OPINION: The Need for Champions

If you ask authors to list what they dread the most it’s having to sell themselves and their books. Apparently, self-promotion remains one of the most daunting tasks of the whole process, especially for self-publishing authors and trade-published midlist authors.

Even though most people understand the creative accomplishment of writing a book, authors who toil for months and sometimes years to craft a novel are often reticent about spreading the word that their work is available. Not because they don’t want to, but because they are afraid of the backlash of self-promotion.

When we were children, we’d stand up and proudly show the drawing we made or the castle we built and bask unselfconsciously in the admiration and adulation of our parents and teachers.

But when we grow older, many of us are discouraged to speak of our accomplishments. There’s an element of crassness and arrogance associated with self-promotion. We are expected to be humble and wait for people to ask what we do, and when we speak about our novels, we are encouraged to do so with humility and self-deprecation, so people know that we’re not arrogantly thumping our chests over our accomplishments.

How can you tell people that you’ve written and published a novel or even a series without embarrassment?

With the proliferation of self-publishing through Amazon the current offering in reading material is astoundingly high in volume and ironically low in quality. A recent census revealed that 80% of the people living in the U.S. want to write a book. Sadly, not everyone who wants to do something truly excels at their endeavours, so there are a lot of books flooding the market that are not really worth a reader’s attention.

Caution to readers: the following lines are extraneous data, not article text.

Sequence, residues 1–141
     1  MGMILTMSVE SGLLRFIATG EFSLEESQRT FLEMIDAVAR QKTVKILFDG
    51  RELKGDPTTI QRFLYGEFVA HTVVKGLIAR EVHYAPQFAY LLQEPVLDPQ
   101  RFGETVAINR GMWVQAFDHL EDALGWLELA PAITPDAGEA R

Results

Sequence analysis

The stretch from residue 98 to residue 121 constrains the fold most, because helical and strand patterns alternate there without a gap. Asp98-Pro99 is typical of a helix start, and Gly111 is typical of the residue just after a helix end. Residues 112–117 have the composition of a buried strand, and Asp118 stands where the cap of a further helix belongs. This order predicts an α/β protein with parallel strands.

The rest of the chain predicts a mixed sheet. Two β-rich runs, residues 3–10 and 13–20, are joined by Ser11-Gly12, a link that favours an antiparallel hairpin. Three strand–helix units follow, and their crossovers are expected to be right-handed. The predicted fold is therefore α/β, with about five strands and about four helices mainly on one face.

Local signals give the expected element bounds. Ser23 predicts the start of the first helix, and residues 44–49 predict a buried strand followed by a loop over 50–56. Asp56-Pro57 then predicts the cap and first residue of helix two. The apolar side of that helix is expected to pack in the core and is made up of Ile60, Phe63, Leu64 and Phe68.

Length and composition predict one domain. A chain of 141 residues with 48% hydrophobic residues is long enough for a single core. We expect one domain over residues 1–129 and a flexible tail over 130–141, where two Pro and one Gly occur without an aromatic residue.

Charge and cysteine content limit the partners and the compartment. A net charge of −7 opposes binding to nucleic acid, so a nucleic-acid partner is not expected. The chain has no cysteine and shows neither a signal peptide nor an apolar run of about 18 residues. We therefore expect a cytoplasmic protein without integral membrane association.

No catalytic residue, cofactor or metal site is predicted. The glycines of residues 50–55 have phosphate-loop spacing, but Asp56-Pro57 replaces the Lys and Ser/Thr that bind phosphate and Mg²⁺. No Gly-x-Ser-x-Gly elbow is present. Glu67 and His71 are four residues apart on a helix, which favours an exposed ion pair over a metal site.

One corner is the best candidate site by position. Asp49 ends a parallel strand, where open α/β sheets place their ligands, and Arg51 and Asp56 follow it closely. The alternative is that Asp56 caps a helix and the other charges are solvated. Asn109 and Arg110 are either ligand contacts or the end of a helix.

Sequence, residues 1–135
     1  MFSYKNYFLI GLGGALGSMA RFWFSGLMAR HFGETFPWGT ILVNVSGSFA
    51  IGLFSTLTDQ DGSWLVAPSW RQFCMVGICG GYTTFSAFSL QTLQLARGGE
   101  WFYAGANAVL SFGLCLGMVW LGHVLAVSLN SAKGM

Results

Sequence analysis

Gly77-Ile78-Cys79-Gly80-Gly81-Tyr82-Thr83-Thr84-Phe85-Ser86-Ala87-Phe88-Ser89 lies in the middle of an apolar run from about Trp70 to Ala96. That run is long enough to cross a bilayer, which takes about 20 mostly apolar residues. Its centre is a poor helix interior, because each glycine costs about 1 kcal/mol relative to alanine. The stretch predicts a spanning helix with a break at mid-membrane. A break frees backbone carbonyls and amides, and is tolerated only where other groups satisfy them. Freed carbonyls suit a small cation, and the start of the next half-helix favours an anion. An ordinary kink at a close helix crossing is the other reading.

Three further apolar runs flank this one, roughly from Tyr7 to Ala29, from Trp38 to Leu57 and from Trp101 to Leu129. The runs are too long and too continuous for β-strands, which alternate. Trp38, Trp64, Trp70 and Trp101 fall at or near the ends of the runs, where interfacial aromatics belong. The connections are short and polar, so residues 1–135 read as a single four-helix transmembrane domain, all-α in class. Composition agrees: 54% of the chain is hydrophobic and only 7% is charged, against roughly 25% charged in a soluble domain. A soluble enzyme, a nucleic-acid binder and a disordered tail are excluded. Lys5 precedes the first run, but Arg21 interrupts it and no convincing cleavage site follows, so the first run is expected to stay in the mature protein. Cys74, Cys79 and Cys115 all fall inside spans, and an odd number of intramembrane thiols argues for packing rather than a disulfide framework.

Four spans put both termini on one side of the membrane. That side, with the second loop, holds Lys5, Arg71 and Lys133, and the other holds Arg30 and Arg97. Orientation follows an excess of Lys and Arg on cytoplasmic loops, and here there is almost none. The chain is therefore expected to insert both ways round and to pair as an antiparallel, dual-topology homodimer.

Many readers are turned off by the glut of badly written self-published books that beg their attention. As a result, readers will not listen to authors promoting their books, but they will turn to other ways of deciding what books to read.

One of the most influential factors in choosing a novel to read is when books come recommended. Preferably by friends, because recommendations carry more weight if delivered by someone trusted for their good judgment.

Many readers are unaware of how important recommendations are, especially for beginning authors who rely on the word-to-mouth to build their readership.

Although this counts doubly for self-published authors–who don’t have a publicist or a publisher to coordinate their marketing efforts–even trade-published midlist authors are pretty much left to their own devices.

So how can readers help their favourite authors?

Be their Champion.

If you meet someone who might enjoy the same books you enjoy, tell them about your favourite authors. Write about the books you read on GoodReads. Leave reviews on retailer websites. Like your favourite author on Facebook. Pin their covers on Pinterest. Follow their blogs. Apply for Advanced Reader Copies of their books. Start or join a fan club.

What do you think? Please comment, and let me know I’m not just talking to the void. If you have ideas to increase word-of-mouth, don’t hesitate to share!

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RANT: Toddlers and Tiaras

The rainy season came and with it indoor exercise. So I went down to the gym to walk the treadmill.

Right in front of the treadmill are huge TV screens that show a variety of channels. Today, during my exercise, I watched a reality show around underage beauty pageants called ‘Toddlers & Tiaras’ on TLC, which is a show about beauty pageants for infants.

I don’t mind (too much) if an adult wishes to enter into a pageant. Although I dislike the vapid nature of pageants where superficial aesthetics are awarded, I can understand why some people need the validation. I can understand pet pageants, where dogs and cats are groomed until sometimes they no longer resemble pets.

I cannot stand these beauty pageants for infants and children. Of course I’d heard of the show and I’d seen flashes of announcements, but I never watched a whole T&T episode.